“Shoot us and dig the grave; otherwise we’re staying”. When Soviet government officials objected, Hannah Zavorotnya’s response was determined and unmovable. It didn’t matter if the Chernobyl Nuclear Power Plant’s Reactor No 4 had blown up; it didn’t matter if all of the inhabitants had been ordered to leave the area that laid within an 18-mile radius: she had tried to stay away from her land and she hadn’t liked it. Therefore she decided to go back and live there with her family, just like some other women who still live in the “inhabitable” exclusion zone.
The filmmaker Holly Morris, who directed together with Anne Bogart the documentary film The Babushkas Of Chernobyl, reports this anecdote in an article on which the film is based. The success of the movie- narrated in a peculiar, original way- continues raising, also inside the Green Film Network: after receiving the Audience Award at San Francisco Green Film Festival and CinemAmbiente 2016, it won the Black Sea Docs Competition at the Romanian festival Pelicam 2016.
But… who are the babushkas (a Russian word that means ‘grandmother’ but also refers to ‘old countrywomen’) and why telling their story? “The heroines of this story – a marginalized group living in the shadow of the nuclear plant – have lived through Stalin, the Nazis, and Chernobyl; theirs is an extraordinary story with many environmental overlays” Holly tells us, kindly answering our questions. “But the film is not only about great resilient characters and nuclear issues – it’s also about lesser discussed issues such as Relocation Trauma, Environmental Refugee-ism, and even – perhaps most operative in the babushkas’ story – the power of Home.”
Yes, because these elderly ladies have a common certainty: despite the radiations (400 times as much as the bomb dropped on Hiroshima), they prefer to stay in the area instead of experiencing some extra-years of bad life away from home. Even more in light of the fact that life close to Chernobyl, where nature is still luxuriant and generous, goes on unexpectedly joyful.
The director Holly Morris at Pelicam International Film Festival
“I wanted to capture/celebrate/ preserve this little-known, important – and incidentally very feminist! – story. It was important to me that the women were not simply portrayed as victims. They are victims in some ways of course – but it was vital that their agency and self-determination take the fore. It’s not every film that allows old women be the narrators of history, the voices of authority, carry full agency” the director continues, speaking of the documentary film and its style.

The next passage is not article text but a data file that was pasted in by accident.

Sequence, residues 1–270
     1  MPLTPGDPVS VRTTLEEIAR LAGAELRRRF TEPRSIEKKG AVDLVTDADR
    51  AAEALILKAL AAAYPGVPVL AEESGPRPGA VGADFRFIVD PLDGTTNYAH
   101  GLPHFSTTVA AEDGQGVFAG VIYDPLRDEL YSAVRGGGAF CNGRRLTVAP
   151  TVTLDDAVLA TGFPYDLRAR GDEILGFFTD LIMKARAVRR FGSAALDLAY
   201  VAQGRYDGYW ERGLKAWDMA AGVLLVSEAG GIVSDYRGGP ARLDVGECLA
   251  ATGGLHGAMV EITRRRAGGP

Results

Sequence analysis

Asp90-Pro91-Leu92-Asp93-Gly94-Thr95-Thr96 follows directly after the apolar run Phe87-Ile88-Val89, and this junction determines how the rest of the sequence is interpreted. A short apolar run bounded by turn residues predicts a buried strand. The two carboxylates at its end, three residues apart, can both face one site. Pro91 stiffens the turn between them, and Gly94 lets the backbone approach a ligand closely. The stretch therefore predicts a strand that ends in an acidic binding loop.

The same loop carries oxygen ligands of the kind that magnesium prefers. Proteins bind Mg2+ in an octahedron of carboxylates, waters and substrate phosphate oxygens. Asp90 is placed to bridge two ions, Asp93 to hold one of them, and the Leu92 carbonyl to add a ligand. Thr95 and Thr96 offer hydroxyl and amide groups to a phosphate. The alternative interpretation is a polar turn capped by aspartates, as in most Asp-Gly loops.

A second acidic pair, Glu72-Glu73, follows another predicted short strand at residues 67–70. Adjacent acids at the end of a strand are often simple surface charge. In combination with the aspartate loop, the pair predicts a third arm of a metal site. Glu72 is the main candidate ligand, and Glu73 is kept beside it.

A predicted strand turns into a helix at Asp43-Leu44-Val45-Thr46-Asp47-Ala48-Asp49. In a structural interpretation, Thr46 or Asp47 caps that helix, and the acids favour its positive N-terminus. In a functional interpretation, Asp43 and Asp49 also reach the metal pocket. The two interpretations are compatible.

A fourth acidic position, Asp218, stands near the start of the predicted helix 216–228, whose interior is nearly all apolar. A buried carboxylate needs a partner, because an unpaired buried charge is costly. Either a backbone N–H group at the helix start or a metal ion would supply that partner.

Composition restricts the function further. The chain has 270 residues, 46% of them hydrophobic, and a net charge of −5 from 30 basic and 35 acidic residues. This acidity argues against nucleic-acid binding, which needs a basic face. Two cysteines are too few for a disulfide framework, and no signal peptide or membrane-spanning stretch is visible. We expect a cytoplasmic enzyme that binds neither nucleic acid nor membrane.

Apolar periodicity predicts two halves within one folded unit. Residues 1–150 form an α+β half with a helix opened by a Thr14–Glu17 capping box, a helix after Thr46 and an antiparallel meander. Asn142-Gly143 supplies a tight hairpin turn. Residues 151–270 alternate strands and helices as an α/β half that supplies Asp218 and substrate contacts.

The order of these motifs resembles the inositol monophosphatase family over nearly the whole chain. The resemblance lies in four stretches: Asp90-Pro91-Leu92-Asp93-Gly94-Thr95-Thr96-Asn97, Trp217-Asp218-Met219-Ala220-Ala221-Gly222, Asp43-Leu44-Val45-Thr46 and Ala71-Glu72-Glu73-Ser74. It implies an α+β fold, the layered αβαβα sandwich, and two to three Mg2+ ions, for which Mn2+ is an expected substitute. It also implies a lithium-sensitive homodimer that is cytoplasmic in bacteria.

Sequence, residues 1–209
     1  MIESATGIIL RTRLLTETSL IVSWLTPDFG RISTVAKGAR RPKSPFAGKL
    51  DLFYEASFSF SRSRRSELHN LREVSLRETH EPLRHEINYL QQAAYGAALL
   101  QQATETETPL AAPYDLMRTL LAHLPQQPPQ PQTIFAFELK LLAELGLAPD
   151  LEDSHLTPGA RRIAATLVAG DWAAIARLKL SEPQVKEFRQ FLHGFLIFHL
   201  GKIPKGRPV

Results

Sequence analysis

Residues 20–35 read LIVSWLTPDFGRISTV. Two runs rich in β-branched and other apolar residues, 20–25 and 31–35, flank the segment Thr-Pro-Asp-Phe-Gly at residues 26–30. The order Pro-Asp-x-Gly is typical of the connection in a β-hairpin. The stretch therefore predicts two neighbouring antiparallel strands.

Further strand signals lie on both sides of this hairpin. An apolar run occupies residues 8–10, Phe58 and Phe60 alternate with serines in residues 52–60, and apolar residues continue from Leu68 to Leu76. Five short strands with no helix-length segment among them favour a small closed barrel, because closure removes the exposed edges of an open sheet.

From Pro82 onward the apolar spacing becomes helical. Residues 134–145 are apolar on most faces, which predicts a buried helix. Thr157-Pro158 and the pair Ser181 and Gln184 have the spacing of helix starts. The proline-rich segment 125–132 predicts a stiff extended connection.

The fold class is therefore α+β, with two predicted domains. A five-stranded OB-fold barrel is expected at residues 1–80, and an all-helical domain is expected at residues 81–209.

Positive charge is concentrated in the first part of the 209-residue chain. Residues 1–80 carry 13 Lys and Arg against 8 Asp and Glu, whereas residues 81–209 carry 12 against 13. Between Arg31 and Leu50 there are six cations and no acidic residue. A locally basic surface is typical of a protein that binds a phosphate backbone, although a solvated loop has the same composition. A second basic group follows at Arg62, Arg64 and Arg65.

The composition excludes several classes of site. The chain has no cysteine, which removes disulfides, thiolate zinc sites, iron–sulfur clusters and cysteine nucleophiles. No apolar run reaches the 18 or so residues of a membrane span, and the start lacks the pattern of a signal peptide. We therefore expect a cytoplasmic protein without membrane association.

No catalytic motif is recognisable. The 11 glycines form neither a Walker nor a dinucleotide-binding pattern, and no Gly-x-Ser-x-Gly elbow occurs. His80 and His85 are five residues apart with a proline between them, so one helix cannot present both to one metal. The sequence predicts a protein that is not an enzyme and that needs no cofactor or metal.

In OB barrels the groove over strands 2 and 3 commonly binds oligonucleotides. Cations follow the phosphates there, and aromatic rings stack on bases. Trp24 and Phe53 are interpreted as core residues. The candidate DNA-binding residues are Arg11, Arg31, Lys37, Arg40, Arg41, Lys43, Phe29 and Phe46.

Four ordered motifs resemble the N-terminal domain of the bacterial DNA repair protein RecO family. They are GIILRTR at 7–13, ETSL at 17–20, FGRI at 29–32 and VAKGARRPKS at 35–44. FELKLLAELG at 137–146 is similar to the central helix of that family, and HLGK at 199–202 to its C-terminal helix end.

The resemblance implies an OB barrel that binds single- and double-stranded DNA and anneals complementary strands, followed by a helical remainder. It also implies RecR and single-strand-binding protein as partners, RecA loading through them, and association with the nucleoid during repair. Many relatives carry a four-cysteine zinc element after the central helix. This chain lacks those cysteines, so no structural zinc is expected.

“It was both a simple and very complicated story. The setting – site of nuclear disaster – is inherently political (and scientists and activists hardly agree on anything). The style reflects the value that the the babushkas story would be the lead and the b- stories (including the Zone as character, the Stalkers, etc), informed their story, and accurately reflect a complicated place; the women’s home, but also a place at the cross-hairs of political debate. While I have strong, skeptical feelings personally about nuclear power – I knew to be true to the women’s reality that this could not be a polemical film”.
Actually, Polemical Tone- as well as Sadness or physical and psychological Pain- is a character who doesn’t take part in the documentary film. The women stay together, and sing, and toast. From time to time, they are given mandatory medical examinations due to radiations, but their age allows them to make peace with possible consequences.
Nowadays, 30 years after the tragedy, there is a plan to transform part of the exclusion zone in a solar power plant, in order to bring back some life and activity in a wasteland, populated only by wild animals. Besides reminding us the disaster, The Babushkas Of Chernobyl shows that actually in the so-called dead zone life has never fully disappeared.